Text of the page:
We will always judge, compare, assess and interpret. These are essential and valuable tools in distinguishing and discerning what works for us and what doesn’t work for us. However, because they are used primarily unconsciously they create more harm than healing. We don’t have to stop judging, but it may be helpful to suspend it long enough to notice the value that judging brings.

If you are wanting to bring change into the workplace, or if you just want to cultivate awareness in yourself, what is it that you want to practice in relation to judging, expecting, interpreting and assuming?

Notice when you judge something as right, wrong, good or bad; notice where something or someone is too slow, too fast, not enough or too much and needs to change. This also goes for noting these thoughts about you. The object of this practice is just to notice. You’ll notice too that you’ll begin to judge yourself and what you notice, saying “yes, but, I am right,  or they are wrong.” What’s the point?

What does judging and assessing as a practice do for you? How does this empower you? Does it allow you to create change in relation to yourself and your environment? Does it allow you to feel righteous and better than, and if so, how does this impact on the reality you are wanting to create for yourself?

Coming back to Chuck for a moment: Chuck recognized that he was afraid of being judged and through his continuous judgment of his work environment he always played it safe, staying within what he assessed as appropriate. And up until our session he hadn’t realized that this practice of judging and assessing is what keeps him from getting promoted to a more senior position, where he would have to lead in ways that would be innovative and may be perceived as risky. He is now at a choice-point where he can choose with awareness, what he wants and what he is willing to practice to support that outcome.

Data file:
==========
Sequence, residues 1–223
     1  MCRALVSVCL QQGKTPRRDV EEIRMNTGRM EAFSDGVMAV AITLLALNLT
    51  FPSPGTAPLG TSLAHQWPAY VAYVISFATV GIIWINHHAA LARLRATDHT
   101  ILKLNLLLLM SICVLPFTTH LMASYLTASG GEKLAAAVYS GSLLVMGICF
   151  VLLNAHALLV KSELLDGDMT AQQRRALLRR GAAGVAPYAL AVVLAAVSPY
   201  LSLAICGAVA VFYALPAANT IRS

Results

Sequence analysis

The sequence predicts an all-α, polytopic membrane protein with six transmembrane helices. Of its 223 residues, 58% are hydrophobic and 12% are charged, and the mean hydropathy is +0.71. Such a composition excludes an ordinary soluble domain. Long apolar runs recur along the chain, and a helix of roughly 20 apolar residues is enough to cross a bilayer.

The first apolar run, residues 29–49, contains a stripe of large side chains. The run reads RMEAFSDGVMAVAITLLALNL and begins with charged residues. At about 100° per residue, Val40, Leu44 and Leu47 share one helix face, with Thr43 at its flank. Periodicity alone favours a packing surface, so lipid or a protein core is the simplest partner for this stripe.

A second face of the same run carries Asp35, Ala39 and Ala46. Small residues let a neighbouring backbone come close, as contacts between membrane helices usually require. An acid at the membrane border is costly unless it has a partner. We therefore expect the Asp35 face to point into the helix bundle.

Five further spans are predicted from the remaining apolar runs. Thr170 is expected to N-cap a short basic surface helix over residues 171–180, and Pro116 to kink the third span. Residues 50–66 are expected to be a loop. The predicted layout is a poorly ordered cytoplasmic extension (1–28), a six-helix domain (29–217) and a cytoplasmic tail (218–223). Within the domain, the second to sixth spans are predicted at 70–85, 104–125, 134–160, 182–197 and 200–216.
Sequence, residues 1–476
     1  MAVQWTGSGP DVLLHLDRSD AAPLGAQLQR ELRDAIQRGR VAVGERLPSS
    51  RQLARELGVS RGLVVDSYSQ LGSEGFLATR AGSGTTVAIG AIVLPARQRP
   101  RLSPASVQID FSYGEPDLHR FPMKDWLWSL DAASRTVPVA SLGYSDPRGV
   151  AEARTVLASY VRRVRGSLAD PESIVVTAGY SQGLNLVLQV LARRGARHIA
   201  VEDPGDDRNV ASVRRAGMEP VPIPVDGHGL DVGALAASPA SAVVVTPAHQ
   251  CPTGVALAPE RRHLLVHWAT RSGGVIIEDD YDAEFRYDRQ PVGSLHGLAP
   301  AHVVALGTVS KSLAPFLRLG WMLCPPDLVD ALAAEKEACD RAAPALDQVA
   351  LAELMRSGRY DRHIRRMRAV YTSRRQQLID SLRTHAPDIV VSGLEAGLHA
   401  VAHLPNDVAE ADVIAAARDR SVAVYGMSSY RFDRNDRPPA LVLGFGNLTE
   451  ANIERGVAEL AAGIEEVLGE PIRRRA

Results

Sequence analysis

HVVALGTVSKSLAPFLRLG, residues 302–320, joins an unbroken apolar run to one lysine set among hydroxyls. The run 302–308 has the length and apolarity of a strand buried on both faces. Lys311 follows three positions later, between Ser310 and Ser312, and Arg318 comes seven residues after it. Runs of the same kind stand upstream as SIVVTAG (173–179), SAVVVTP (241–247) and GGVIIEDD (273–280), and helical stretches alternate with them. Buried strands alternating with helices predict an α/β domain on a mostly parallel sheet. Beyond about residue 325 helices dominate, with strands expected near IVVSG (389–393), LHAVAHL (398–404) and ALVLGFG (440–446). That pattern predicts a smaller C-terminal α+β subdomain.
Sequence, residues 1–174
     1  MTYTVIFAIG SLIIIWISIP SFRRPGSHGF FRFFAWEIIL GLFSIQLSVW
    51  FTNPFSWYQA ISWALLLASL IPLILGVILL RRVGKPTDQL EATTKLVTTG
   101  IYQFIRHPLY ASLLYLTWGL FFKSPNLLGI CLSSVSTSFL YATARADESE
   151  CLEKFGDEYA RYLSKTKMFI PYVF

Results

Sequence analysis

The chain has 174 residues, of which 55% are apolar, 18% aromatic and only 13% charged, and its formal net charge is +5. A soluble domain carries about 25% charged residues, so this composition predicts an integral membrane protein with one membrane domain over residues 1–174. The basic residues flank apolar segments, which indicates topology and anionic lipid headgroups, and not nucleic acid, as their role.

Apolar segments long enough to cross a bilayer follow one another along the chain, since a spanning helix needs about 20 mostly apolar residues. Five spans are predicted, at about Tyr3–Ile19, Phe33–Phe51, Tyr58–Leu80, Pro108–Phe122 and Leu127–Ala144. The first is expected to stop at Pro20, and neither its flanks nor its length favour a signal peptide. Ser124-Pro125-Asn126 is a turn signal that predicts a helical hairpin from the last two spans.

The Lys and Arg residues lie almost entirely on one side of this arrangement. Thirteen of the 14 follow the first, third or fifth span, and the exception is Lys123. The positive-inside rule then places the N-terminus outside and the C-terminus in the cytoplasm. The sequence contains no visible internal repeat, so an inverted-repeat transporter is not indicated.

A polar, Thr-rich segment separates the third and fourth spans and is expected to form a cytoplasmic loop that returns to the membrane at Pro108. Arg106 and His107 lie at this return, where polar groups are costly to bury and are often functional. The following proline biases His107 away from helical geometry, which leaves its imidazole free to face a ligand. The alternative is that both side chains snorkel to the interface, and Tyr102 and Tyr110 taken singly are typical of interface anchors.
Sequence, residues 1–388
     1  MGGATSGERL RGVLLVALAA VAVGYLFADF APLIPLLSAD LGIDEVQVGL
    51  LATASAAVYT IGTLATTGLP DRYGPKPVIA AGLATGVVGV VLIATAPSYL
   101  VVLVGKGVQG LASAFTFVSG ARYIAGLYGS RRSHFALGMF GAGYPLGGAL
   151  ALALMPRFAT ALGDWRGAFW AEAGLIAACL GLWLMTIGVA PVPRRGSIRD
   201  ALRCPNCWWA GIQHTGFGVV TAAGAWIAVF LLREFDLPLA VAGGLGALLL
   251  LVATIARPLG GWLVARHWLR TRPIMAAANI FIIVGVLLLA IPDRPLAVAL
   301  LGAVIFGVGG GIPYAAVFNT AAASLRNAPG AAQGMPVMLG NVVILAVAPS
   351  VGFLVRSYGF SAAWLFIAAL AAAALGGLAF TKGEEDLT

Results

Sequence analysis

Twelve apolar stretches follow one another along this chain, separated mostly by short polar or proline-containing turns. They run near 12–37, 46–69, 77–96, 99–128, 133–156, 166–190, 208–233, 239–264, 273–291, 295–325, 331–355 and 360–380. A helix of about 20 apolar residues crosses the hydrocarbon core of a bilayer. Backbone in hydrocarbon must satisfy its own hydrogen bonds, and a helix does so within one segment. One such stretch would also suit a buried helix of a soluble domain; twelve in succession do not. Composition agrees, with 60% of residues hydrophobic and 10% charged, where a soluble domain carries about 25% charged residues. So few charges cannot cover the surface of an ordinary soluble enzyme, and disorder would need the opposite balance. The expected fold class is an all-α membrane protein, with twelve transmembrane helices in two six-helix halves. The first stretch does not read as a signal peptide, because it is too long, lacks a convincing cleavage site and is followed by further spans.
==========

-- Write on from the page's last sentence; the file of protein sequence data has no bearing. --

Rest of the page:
The automatic thinking that we do always consists of judgments. Just bringing awareness to our judgments allows us to be curious about just how true they really are. This allows us to choose differently if it serves us to do so. Enjoy the exploration!

It is YOUR Job to…

by Himanshu Jhamb on October 20, 2009

bad emailsIf you have worked long enough, chances are you must’ve heard this from someone – perhaps your boss, your boss’s boss OR (heavens help you!) your colleague. If it’s the latter, welcome to the “real” corporate world!

It would still be a bit bearable if you verbally “hear” such a thing from your colleagues… imagine receiving it in an email addressed to you and copied to other colleagues! That bakes… and takes the cake, in my view. Without further ado, here’s the event that inspired me to write this post, today.

A while back, when I was working for a client, I saw an email from a colleague of mine in another department addressed to another colleague (I was CC’d on this email) which read something like this.

“I don’t know why <some complaint>. Everything is always sent at the last second. Being the way it is, I should have gotten this <some expectation or demand>. I shouldn’t have to <do something>. It is your job to inform me of this. Going forward, I expect you to <some expectation>.”

I looked at this email and just smiled. After all, it was a classic.

Clearly, the sender was triggered to respond the way s/he responded by the request that was made of him/her earlier.